• Designing training programs
    Sports specialists can create better training plans with the use of big data. Instead of following pre-set training plans used by everyone, more beneficial, coaches can create bespoke training plans by analysing performance over time. The plan can then be tweaked on a regular basis to make sure the training program is as effective as possible to achieve the desired results, as it is based on ongoing performance measurements.
  • Useful information for player recruiting and contracting
    When recruiting new players for a team, such as in football, it can be useful to review data from their past. You can analyse their tactics, player history, injuries, goals and much more. This will help you to work out whether they will fit within your team and help you decide if you are making a good investment.
  • More interesting statistics and content for fans
    With Twitter and social networks, fans seem to have an even bigger appetite than ever before for information. However, with innovative technology, it’s now much easier to provide information that they will be looking for. This couldn’t be done without big data analytics. With this, sports teams are able to provide their fans with a much bigger and more interesting selection of information on games, players, scores and much more. Alternatively, data can even be collected via interactions with fans, to help sports companies create more tailored advertising opportunities, which can create a stronger financial return.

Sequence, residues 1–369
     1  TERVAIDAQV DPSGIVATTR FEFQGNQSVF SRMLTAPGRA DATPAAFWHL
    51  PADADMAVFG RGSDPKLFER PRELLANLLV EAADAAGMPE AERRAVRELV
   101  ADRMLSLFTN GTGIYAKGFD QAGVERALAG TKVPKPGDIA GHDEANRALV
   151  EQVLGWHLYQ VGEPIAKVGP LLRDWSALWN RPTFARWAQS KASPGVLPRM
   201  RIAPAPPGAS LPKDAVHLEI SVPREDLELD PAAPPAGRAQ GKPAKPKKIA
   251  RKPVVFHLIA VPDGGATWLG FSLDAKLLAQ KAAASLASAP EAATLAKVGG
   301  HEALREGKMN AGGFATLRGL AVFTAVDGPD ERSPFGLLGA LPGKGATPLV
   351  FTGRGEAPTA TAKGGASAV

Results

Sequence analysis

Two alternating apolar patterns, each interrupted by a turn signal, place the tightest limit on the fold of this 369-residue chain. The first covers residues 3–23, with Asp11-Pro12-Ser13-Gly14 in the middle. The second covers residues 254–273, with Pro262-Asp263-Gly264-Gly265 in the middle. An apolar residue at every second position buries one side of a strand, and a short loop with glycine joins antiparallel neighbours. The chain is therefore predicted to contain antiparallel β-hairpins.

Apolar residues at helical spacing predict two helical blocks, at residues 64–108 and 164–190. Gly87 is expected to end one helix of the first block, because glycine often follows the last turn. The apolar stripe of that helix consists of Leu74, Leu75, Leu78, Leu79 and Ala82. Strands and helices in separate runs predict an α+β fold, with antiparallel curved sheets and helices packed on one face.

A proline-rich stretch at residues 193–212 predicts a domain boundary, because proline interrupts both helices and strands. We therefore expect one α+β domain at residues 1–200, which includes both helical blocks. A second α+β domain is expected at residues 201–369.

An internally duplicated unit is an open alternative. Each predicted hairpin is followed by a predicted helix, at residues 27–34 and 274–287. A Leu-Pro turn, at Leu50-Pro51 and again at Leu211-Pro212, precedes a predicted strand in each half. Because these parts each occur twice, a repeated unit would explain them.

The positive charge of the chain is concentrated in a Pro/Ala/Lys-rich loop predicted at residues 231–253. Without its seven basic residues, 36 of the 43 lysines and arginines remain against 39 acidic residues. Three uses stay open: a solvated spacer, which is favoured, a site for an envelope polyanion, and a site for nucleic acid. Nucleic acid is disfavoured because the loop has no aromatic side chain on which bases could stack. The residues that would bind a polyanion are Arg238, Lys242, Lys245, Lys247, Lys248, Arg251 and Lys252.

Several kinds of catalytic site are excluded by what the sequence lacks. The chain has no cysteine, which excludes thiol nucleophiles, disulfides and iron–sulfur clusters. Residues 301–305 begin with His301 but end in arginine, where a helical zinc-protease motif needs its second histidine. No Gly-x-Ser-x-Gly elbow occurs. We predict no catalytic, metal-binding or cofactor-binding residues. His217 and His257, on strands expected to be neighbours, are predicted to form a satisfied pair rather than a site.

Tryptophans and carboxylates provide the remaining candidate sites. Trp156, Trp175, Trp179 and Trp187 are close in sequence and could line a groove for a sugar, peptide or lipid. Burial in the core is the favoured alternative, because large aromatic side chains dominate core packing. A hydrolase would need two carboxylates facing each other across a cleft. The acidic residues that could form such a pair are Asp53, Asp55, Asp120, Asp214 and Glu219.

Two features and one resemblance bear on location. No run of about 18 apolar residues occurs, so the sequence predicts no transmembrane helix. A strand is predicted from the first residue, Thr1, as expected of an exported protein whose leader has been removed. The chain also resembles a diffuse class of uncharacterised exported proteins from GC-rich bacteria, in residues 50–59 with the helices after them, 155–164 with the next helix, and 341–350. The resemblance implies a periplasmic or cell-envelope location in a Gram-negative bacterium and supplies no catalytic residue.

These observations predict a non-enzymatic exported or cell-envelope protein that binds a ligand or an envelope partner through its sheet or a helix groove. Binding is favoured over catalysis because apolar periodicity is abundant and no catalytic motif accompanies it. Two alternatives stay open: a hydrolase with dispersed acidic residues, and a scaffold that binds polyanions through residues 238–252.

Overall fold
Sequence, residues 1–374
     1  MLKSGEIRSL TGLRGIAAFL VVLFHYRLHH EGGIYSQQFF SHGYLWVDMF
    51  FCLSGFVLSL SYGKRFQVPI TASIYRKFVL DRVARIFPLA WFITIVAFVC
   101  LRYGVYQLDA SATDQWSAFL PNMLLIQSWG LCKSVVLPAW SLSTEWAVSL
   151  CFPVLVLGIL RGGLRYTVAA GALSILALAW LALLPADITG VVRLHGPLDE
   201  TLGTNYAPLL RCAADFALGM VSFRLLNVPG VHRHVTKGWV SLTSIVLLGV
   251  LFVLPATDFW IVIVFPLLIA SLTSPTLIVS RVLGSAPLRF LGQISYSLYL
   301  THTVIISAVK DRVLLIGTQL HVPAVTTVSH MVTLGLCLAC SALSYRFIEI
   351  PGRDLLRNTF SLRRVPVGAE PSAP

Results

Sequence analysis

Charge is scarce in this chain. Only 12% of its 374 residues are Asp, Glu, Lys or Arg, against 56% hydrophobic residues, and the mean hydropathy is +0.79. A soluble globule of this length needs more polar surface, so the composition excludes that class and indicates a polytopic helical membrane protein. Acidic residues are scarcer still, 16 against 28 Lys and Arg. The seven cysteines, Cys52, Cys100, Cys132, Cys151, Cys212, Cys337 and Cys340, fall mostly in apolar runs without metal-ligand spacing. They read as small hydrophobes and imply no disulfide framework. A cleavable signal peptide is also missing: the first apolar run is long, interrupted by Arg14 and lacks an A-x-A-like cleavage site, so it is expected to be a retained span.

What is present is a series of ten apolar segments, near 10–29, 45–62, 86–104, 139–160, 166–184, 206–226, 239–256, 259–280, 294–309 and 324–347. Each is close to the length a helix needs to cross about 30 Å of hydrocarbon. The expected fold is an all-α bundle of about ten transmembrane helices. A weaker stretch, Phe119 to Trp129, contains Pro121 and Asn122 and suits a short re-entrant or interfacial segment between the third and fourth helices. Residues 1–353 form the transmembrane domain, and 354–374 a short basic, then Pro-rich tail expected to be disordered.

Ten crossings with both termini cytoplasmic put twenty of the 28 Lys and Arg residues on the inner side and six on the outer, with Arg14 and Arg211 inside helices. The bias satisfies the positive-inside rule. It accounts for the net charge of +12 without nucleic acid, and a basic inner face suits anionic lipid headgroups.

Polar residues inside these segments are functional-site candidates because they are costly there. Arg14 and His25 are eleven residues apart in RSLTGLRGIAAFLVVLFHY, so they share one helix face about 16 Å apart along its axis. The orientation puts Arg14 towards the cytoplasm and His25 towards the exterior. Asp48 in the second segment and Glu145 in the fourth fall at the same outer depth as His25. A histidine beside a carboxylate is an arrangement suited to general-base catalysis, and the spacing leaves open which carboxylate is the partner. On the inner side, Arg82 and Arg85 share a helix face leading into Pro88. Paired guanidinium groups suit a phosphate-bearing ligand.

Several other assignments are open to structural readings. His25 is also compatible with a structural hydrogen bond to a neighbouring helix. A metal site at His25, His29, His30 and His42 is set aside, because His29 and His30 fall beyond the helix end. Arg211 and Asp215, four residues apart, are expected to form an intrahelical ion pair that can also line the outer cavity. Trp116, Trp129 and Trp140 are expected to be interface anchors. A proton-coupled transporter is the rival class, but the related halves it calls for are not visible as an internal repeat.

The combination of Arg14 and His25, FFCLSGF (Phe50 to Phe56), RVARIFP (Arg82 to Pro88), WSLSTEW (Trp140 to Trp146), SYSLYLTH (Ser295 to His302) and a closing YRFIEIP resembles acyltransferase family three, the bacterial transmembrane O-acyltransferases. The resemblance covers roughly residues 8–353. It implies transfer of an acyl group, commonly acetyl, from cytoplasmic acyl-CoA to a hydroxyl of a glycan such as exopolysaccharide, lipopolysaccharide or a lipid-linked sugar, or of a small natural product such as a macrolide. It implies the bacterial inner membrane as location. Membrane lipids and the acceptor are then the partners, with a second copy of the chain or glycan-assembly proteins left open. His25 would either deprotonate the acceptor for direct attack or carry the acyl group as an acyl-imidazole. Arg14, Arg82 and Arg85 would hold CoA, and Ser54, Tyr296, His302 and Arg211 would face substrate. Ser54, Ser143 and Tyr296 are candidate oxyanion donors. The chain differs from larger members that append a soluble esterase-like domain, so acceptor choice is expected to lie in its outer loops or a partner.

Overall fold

• Live information for coaching staff during games or events
    During training and games, players/athletes are now equipped with sensors that help to monitor their performance. This can help coaching staff, as they are able to see in real-time the performance of their players and work out which factors are influencing them, to make much more informed decisions throughout the game. This not only makes players more competitive, but can also help coaches see how success was achieved and therefore how to replicate it in the future, or even improve upon it!


It is clear that technology is transforming sport. Although in some areas sports companies are being cautious, there is no doubt that big data can provide huge benefits. With this, it is clear that technical staff are a vital asset to the team, not only to run their systems, but to manage the data revolution, helping to interpret the advanced mass of statistics to get the maximum benefit. However, big data is not only important for sports professionals themselves, but also to fans, managers, and coaches as well as potential investors.

What is truly exciting is that this is only the start. It is clear that sports companies will continue to find new ways of using big data analytics to improve even further. So watch this space!

How else have you seen sports organisations using technology and big data? Leave us your comments @SaxonsIT on Twitter.